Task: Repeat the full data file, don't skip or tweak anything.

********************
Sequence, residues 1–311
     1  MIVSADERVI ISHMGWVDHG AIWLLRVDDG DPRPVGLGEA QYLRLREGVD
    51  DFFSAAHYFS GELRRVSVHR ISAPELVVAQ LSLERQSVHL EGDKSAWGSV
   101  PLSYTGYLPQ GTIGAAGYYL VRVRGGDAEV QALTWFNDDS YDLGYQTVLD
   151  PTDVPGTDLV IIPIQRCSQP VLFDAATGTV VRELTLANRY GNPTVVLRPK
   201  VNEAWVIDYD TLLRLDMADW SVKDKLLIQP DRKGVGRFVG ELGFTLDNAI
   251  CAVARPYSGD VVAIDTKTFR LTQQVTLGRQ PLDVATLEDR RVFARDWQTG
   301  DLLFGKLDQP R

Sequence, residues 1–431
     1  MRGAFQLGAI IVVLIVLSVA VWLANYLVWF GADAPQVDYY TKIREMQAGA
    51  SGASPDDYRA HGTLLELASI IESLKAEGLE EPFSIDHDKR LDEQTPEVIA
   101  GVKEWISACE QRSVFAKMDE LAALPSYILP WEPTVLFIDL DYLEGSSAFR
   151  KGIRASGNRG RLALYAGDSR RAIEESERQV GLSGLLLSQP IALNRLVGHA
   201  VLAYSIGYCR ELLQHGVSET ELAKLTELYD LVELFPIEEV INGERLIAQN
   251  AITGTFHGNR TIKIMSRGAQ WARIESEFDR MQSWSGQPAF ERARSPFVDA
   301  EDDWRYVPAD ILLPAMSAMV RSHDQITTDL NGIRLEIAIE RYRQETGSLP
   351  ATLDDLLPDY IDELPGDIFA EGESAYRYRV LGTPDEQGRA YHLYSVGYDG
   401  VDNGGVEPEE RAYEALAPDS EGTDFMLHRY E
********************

Sequence, residues 1–311
     1  MIVSADERVI ISHMGWVDHG AIWLLRVDDG DPRPVGLGEA QYLRLREGVD
    51  DFFSAAHYFS GELRRVSVHR ISAPELVVAQ LSLERQSVHL EGDKSAWGSV
   101  PLSYTGYLPQ GTIGAAGYYL VRVRGGDAEV QALTWFNDDS YDLGYQTVLD
   151  PTDVPGTDLV IIPIQRCSQP VLFDAATGTV VRELTLANRY GNPTVVLRPK
   201  VNEAWVIDYD TLLRLDMADW SVKDKLLIQP DRKGVGRFVG ELGFTLDNAI
   251  CAVARPYSGD VVAIDTKTFR LTQQVTLGRQ PLDVATLEDR RVFARDWQTG
   301  DLLFGKLDQP R

Sequence, residues 1–431
     1  MRGAFQLGAI IVVLIVLSVA VWLANYLVWF GADAPQVDYY TKIREMQAGA
    51  SGASPDDYRA HGTLLELASI IESLKAEGLE EPFSIDHDKR LDEQTPEVIA
   101  GVKEWISACE QRSVFAKMDE LAALPSYILP WEPTVLFIDL DYLEGSSAFR
   151  KGIRASGNRG RLALYAGDSR RAIEESERQV GLSGLLLSQP IALNRLVGHA
   201  VLAYSIGYCR ELLQHGVSET ELAKLTELYD LVELFPIEEV INGERLIAQN
   251  AITGTFHGNR TIKIMSRGAQ WARIESEFDR MQSWSGQPAF ERARSPFVDA
   301  EDDWRYVPAD ILLPAMSAMV RSHDQITTDL NGIRLEIAIE RYRQETGSLP
   351  ATLDDLLPDY IDELPGDIFA EGESAYRYRV LGTPDEQGRA YHLYSVGYDG
   401  VDNGGVEPEE RAYEALAPDS EGTDFMLHRY E